In financial context, the majority of studies in econophysics are dealing with market risk, since many concepts in statistical physics are directly applicable. A type of risk that is fundamentally different from the other types of financial risks discussed in the introduction is represented by credit risk [123–127]. Modeling credit risk, i.e., the risk that an obligor fails to make a promised payment, is much more complex. As discussed in the previous chapters, the risk of a financial asset, e.g., a stock, is often expressed by its standard deviation. Due to the nearly symmetric shape of the return distribution of, e.g., stocks, by this definition, large positive returns are considered just as risky as large negative returns. An investor who uses volatility as a risk measure acts risk averse. However, due to the asymmetric shape of a credit portfolio's loss distribution, the variance is not suitable as a risk measure in this context.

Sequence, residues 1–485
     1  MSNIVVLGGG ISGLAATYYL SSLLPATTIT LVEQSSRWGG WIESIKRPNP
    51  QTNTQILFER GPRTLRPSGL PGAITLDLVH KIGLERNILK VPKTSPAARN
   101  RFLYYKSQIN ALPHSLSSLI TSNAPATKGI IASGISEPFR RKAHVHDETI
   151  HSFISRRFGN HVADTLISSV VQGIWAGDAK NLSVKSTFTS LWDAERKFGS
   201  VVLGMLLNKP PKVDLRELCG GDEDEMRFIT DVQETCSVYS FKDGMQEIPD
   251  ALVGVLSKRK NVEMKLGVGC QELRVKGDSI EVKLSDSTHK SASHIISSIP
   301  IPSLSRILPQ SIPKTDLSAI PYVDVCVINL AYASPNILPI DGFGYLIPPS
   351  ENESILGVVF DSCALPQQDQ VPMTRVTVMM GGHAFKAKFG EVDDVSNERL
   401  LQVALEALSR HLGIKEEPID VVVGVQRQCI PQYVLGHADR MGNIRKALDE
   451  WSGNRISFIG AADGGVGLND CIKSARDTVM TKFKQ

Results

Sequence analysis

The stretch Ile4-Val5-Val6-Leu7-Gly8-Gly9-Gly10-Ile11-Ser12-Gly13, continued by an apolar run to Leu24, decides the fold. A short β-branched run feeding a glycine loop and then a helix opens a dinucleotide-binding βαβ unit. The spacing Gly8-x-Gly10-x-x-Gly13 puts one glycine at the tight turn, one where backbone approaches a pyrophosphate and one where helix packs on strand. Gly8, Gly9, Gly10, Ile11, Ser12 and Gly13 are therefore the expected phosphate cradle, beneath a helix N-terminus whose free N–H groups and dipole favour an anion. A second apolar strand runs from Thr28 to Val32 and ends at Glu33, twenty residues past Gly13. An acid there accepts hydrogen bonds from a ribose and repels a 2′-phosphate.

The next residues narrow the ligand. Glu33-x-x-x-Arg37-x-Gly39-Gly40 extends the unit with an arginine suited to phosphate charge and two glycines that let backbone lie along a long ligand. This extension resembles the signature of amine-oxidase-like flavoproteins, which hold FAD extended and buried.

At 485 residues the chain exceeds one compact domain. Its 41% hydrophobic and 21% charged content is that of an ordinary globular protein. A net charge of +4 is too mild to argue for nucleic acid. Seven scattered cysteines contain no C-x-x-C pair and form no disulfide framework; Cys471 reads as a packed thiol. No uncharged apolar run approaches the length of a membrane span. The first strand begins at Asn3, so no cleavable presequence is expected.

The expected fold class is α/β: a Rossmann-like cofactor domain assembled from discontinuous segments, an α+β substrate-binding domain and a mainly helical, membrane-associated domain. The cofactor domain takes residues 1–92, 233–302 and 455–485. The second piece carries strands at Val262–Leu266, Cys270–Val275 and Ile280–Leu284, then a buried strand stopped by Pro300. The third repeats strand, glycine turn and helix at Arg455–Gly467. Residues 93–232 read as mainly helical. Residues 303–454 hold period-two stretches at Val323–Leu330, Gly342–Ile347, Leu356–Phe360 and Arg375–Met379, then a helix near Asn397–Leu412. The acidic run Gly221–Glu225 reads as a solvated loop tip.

KeywordsAsset Price Credit Risk Default Risk Default Probability Geometric Brownian Motion
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